One of the inclusion criteria for the FASHION trial was that you were deemed appropriate for surgery by the surgeon. In other words, participants were told by the surgeon “you would benefit from surgery” but subsequently randomly allocated to physiotherapy led conservative management.

Patient’s expectation of improvement would have been significantly reduced if patients were told;

-          They had a structural abnormality that is causing their pain

-          They would benefit from surgery to correct the abnormality

-          But were instead allocated to “exercises”

As we can see from the data, just because a person with pain has FAI morphology on imaging does not mean the imaging finding is the reason for the pain. But if the patient believes that is the reason, psychologically, the idea that non-surgical treatment will “fix” their "problem" may seem illogical. Words, images, as well as beliefs and the overall narrative of the pain experience are significant. This is a salient bias that this trial completely ignored.

 

Crafty cropping of graphs:

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In addition to the bias allowed to freely enter, the difference in outcome was also visually amplified by cropping the graph to make the one of the left appear as though the effect size was larger. [16] 

Strawman control group:

The non-surgical intervention was described as “Best Conservative Care”.

However, the exercises given primarily target hip and trunk ‘stability’ with body weight or resistance bands. The full exercise database can be found here. I have shown below some examples of what was involved.

This is precisely the sort of reductionist, biomedical “stability” focused messaging that we are trying to move away from as a profession. Telling someone that they have something structurally wrong with them based on scans, and then prescribing “stability” exercises, while ignoring psychosocial factors, is not evidence based treatment. Chronic pain is a biopsychosocial condition. The authors claim, in the title of their paper, that the conservative group received “Best Conservative Care”. This is factually inaccurate.

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This article by Cheryl Lee on the Pain-Ed website explains precisely why the exercises given in the FASHON trial were not only ineffective, but may potentially contribute to chronicity in susceptible individuals:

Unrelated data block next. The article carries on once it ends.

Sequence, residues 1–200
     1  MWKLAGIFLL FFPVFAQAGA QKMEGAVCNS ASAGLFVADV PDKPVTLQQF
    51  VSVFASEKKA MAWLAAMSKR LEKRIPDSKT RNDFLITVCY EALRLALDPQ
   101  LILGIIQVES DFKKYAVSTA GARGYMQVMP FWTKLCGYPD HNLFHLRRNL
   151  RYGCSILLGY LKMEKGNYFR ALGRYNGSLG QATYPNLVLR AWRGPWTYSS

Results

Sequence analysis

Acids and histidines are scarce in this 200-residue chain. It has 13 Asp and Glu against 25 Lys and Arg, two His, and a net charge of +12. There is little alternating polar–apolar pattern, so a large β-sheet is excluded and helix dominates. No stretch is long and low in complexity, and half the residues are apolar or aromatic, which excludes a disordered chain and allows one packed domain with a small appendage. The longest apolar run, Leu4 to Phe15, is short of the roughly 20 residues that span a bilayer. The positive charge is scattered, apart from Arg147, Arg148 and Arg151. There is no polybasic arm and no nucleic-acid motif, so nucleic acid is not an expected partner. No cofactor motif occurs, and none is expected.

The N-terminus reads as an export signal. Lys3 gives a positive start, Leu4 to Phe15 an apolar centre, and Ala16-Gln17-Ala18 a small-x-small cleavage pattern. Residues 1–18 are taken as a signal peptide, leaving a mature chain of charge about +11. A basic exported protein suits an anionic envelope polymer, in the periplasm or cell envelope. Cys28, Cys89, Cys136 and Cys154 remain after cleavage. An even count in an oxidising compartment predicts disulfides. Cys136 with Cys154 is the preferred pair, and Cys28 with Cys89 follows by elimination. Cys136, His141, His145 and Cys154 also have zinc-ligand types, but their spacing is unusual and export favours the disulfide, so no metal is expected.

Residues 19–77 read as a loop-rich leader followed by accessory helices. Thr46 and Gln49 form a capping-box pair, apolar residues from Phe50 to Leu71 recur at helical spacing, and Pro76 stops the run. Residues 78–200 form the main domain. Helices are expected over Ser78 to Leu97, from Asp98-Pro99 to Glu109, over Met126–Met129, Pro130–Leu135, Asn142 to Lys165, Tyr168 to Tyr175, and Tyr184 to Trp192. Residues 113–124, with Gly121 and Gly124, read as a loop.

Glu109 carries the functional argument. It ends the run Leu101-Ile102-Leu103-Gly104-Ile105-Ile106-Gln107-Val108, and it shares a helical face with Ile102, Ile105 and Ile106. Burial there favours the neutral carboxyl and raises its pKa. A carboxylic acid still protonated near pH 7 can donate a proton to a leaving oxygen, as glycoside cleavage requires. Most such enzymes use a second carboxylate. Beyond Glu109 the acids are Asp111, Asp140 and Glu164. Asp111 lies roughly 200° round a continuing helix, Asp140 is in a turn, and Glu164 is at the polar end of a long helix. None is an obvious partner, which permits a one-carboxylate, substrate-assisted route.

Hold up your fist in front of you and clench it hard.

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Keeping it clenched, how far you can roll the wrist forwards and backwards? How does that feel? Comfortable? Easy? Of course not. Would you be comfortable walking around all day with the muscles of the hand, wrist and forearm held in co-contraction? Of course not.

I did the prescribed exercises, even though they made things feel tighter. I got worse and was doing less, never feeling any stronger or more stable. Physiotherapy could do nothing more for me. The chronic pain clinic told me to start using a wheelchair. It was a hell that lasted 6 years, but that is another story.

I was not broken. My core was not weak. My spine was robust and strong, not unstable.  I was scared to bend, squat, or move quickly, so avoided it. My breath was shallow and ragged. I was scared about the future. This ongoing fearful situation had ramped up my body’s defences and jacked up the tension in my body, splinting me more than the exercises I had been doing.

The advice I had been given, the words that had been said, the beliefs I had taken on through my own learning had turned out to be nocebos — noxious messages with a detrimental effect on my health and well-being — that kept me locked in a prison partly of my own making.

The constant co-contractions, the fear, the movement avoidance — these had been huge factors in the pain symptoms. I learned to let go of my belly and back, and create space in my body; move with fluidity and ease; breathe fully into a soft, yielding belly; slouch and relax at the same time. I learned that I could contract my muscles with control, but also release them FULLY; that I could run, jump; ride a bike with a rounded back. I learned my spine and body were strong, and that I could get better.